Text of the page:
City vies for fuel revenue

If council has its way, Yukoners could be paying another one cent per litre at the gas pumps. City politicians are considering asking other…

If council has its way, Yukoners could be paying another one cent per litre at the gas pumps.

City politicians are considering asking other municipalities if there’s an appetite to have the Yukon government raise its fuel tax by one cent per litre and then give that money to municipal governments.

Currently, the Yukon collects more than $6.5 million on its 7.2-cent-per-litre tax on diesel fuel and the 6.2 cents it collects on gasoline.

Whitehorse’s proposed one-cent levy would raise an additional $992,000 and would go to territorial transit systems and road networks, said Robert Fendrick, the city’s director of administrative services.

“The issue here is to determine if it would be beneficial for the city of Whitehorse to bring forward a resolution to the Association of Yukon Communities to petition for an increase in the fuel …,” said Fendrick.

City administration is recommending that council petition the Association of Yukon Communities to lobby the Yukon government for the extra tax, he added.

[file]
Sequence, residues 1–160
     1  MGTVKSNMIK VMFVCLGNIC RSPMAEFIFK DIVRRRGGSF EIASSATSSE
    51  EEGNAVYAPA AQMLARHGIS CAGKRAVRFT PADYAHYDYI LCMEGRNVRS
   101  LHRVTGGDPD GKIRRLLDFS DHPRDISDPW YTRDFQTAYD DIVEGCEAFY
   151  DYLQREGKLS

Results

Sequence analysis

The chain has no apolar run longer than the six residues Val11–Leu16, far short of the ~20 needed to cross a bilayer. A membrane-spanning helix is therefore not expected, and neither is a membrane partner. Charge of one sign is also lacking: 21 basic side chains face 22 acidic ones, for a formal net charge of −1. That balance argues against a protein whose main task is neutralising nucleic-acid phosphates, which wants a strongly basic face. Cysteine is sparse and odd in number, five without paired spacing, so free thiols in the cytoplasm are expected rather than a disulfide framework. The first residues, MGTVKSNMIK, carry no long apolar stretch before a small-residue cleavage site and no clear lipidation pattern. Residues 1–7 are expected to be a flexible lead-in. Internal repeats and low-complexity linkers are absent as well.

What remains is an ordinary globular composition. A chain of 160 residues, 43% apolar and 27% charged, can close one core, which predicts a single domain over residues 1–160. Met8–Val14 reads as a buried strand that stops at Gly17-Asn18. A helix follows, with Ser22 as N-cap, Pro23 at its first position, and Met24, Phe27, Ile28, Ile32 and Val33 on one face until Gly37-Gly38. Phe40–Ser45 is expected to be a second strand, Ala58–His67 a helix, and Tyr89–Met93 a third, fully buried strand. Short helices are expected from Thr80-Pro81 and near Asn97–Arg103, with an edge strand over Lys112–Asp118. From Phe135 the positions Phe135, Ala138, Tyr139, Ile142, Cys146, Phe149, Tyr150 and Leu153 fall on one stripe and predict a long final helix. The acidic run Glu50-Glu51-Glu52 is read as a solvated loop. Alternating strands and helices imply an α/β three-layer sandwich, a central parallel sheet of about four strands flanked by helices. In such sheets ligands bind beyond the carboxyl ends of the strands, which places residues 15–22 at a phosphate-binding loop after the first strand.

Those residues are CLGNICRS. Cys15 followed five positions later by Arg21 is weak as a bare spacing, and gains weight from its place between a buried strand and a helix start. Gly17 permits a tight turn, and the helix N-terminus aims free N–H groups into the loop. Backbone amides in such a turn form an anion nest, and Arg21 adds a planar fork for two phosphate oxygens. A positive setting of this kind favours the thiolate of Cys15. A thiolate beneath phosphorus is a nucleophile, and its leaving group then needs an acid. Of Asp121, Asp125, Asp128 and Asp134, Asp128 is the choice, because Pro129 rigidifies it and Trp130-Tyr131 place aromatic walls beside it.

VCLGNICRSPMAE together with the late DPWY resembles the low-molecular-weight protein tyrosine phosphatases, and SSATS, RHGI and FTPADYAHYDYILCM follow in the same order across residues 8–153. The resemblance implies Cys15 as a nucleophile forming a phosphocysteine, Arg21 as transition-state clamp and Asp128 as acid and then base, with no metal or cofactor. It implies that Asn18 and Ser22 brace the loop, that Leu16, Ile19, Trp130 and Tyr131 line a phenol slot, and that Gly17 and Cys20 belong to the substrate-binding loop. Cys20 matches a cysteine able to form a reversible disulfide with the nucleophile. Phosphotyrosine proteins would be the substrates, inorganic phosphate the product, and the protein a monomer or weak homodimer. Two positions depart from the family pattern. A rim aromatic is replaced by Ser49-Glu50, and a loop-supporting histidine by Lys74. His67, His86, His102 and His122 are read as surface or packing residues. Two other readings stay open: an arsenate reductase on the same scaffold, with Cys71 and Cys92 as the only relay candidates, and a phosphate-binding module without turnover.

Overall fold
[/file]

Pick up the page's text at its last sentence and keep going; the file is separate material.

With such limited powers for cities to tax, and such a great need to upgrade its infrastructure, lobbying the government for an increase of funds is something she would support, said Mayor Bev Buckway.

“Personally, as we are so limited in our ways to raise funds, we can do it through taxes and that’s always an onerous situation,” she said.

“If we were able to do a small manoeuvre, such as (a fuel tax levy) it would generate a lot of money, but it would generate from the people who are using the infrastructure, who are using the roads.

“Yes, I would support it.”

She expects a great deal of discussion around the idea, added Buckway.

“I haven’t decided yet. I’d like to hear more discussion at the AYC level and see what the other communities think,” said councillor Jan Stick.

“I like the fact that it would be something that would be shared with all municipalities, not just Whitehorse.

“I’m keeping an open mind, I haven’t decided one way or the other.”

The idea is already being used in other parts of the country — including Vancouver — and has allowed municipalities to use the money for sustainable infrastructure, such as transit, she said.

The Municipal Act limits the ways in which Whitehorse and other municipal areas can raise money, according to a city administrative report.

The city is only able to raise money through property taxes and user fees, but cannot levy charges used in other jurisdictions.

“The Municipal Act limits means by which municipalities may levy charges, which would be one method of ensuring that all users of municipal facilities, including tourists and other visitors, contribute to the cost of maintaining such facilities.

“An example would be a hotel tax, which is not permitted under the act.”

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